I don’t think anyone would contest that most Americans are indulgent consumerists and materialists, Christians included. The crash of the housing market was clear evidence of that. Countless people got caught buying far more house than they could afford. The American dream had compelled them to think it was their right. So they believed the lie of interest only mortgages and became victim to the greed and indulgence of our American society.
But with that said, even if we can afford a particular over sized house, is it good stewardship to buy it? Sure, we have the freedom to buy it? But how does that fit with our Christian vocation?
How much is too much? How much is enough? How should Christians decide how much house to buy? Is that even a legitimate question to ask, or does that smell of legalism? For the moment, let’s says it’s legitimate.
Members of the Greatest Generation (the Great Depression and World War II era) will tell you that houses these days are outrageously large. I’ve had many in my own congregation tell me that when they were growing up the average was to have a lot more people living in a lot less house. But today “you young kids think you need such a big house.” “But,” we say, “we need them to store all of our possessions!”
Thus, the question, how much is too much? Does the Christian vocation compel us to think more deeply about our finances than simply attaining to percentage giving in our local congregation? How many toys do our kids need? How many TV’s is enough? How many cars, boats, ATV’s, snowmobiles, and grown up toys do we need? How big do our houses need to be (or our churches for that matter)?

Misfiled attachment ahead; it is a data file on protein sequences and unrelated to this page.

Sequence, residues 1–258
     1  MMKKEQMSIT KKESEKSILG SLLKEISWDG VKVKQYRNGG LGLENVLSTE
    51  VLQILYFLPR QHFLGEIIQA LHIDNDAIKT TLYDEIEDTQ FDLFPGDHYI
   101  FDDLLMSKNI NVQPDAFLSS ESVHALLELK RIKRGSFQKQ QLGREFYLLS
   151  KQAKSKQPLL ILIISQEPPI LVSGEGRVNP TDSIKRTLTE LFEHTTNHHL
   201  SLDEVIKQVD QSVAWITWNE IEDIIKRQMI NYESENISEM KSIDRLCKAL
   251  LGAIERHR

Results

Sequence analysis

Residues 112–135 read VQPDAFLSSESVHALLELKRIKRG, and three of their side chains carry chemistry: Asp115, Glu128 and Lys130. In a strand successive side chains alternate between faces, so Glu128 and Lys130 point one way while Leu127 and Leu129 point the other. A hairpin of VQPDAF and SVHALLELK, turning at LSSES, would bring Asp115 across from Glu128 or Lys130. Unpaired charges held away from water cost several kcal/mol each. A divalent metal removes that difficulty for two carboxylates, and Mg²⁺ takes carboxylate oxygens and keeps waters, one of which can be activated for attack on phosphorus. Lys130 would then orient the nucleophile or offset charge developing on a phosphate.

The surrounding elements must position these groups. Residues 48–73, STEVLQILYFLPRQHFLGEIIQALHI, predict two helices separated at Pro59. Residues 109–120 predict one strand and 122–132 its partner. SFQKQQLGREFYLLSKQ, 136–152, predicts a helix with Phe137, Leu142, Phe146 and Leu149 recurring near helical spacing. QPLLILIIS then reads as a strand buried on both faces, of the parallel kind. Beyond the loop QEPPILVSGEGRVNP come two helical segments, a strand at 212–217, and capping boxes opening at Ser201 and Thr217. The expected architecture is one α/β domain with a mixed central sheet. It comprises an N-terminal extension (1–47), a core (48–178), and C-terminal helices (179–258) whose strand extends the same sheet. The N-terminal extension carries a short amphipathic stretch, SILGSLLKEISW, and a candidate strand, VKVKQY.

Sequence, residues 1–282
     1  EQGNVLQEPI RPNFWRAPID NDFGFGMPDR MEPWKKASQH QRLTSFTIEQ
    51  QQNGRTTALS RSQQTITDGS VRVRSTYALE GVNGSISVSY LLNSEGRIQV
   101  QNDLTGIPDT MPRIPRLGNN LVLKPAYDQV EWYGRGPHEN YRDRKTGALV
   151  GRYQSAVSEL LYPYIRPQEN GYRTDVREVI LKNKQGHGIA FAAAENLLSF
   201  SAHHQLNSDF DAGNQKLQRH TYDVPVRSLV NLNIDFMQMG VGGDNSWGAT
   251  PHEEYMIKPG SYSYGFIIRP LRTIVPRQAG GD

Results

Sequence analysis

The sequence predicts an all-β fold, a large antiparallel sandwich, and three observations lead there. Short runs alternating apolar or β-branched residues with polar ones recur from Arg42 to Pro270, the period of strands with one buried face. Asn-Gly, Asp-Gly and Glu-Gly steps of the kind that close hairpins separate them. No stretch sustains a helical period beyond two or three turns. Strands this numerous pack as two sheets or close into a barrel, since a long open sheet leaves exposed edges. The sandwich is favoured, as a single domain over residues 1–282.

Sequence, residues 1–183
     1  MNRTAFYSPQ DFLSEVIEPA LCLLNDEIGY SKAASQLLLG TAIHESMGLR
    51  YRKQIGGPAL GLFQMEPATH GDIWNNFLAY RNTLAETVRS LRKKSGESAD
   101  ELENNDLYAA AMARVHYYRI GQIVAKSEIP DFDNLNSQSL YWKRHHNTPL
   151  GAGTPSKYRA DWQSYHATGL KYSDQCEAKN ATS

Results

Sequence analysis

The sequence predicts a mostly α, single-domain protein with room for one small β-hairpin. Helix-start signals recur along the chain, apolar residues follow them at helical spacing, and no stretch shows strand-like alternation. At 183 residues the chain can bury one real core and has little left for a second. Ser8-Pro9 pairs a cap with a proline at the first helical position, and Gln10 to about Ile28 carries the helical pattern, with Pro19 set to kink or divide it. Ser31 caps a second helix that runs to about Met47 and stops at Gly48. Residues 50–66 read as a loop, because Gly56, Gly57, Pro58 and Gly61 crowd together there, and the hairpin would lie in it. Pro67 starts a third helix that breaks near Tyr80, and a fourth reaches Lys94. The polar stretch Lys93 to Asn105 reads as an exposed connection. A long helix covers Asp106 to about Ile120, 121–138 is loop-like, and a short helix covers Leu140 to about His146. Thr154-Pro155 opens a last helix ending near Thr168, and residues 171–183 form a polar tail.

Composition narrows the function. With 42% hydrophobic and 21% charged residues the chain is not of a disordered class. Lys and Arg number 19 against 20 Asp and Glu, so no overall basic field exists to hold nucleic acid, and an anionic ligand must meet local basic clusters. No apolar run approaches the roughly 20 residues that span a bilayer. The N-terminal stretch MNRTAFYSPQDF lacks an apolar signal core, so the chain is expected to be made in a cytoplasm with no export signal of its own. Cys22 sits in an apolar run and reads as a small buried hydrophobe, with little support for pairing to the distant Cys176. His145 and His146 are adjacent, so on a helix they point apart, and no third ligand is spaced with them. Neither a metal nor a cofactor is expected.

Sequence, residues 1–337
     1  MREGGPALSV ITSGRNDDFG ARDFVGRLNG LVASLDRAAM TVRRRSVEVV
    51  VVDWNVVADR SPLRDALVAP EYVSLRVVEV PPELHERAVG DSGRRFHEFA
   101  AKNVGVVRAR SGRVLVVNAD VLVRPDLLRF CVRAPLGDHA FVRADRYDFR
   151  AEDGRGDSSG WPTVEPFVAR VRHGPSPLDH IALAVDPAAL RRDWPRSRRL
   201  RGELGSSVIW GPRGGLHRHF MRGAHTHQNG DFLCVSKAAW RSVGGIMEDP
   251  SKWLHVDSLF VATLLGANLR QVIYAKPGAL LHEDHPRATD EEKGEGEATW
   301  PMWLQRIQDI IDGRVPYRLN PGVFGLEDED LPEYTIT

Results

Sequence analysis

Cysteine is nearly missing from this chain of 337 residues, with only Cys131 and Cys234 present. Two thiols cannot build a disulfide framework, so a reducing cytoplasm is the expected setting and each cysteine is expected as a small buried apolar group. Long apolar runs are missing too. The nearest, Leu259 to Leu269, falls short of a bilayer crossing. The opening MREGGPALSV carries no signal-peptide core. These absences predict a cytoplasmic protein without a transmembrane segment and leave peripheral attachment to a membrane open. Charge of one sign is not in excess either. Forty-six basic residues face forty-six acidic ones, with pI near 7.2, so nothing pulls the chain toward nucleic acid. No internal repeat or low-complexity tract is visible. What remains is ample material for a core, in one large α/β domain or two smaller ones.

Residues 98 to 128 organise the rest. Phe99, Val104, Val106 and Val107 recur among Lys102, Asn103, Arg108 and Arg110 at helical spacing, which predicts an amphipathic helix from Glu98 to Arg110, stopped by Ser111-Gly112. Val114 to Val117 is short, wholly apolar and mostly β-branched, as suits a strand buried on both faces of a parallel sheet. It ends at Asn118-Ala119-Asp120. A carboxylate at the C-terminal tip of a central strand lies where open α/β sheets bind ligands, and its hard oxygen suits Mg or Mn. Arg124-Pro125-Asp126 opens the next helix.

Does our love for our neighbor in need compel us to think more deeply about how we use our finances? I ask this coming off of a week of ministry where I dealt with two community (nonmember) families who are well below the poverty line. In fact, one couple has no car, no job, no savings, and come the end of the month, no place to live.
However, as in the book of Acts, members of our congregation are stepping up to give and to help. But I have a feeling it’s not to the point of selling some land or giving them one of their own cars. (Though, to be fair, I did put the situation to the whole congregation on Sunday and received quite a door offering for it.)
In the end, I fully realize that the moment we start establishing “guidelines” for how much house and how many toys Christians should have, we start down the dangerous road of legalism. Nonetheless, does the Christian vocation call for us to work through challenges like these? What do you think? Are these legitimate questions for us to muddle through as we consider our Christian vocation? If so, what might you suggest be a template for our thinking?
As always, this blog aims to move past partisanship and demonizing of those who disagree, and endeavors to thoughtfully, honestly, and collegially, foster the goal of talking about the mission of the Holy Christian Church and what it means to be authentically Lutheran, while “discipling all nations” in the 21st century. For those willing to enter the fray, I welcome your constructive thoughts and reactions.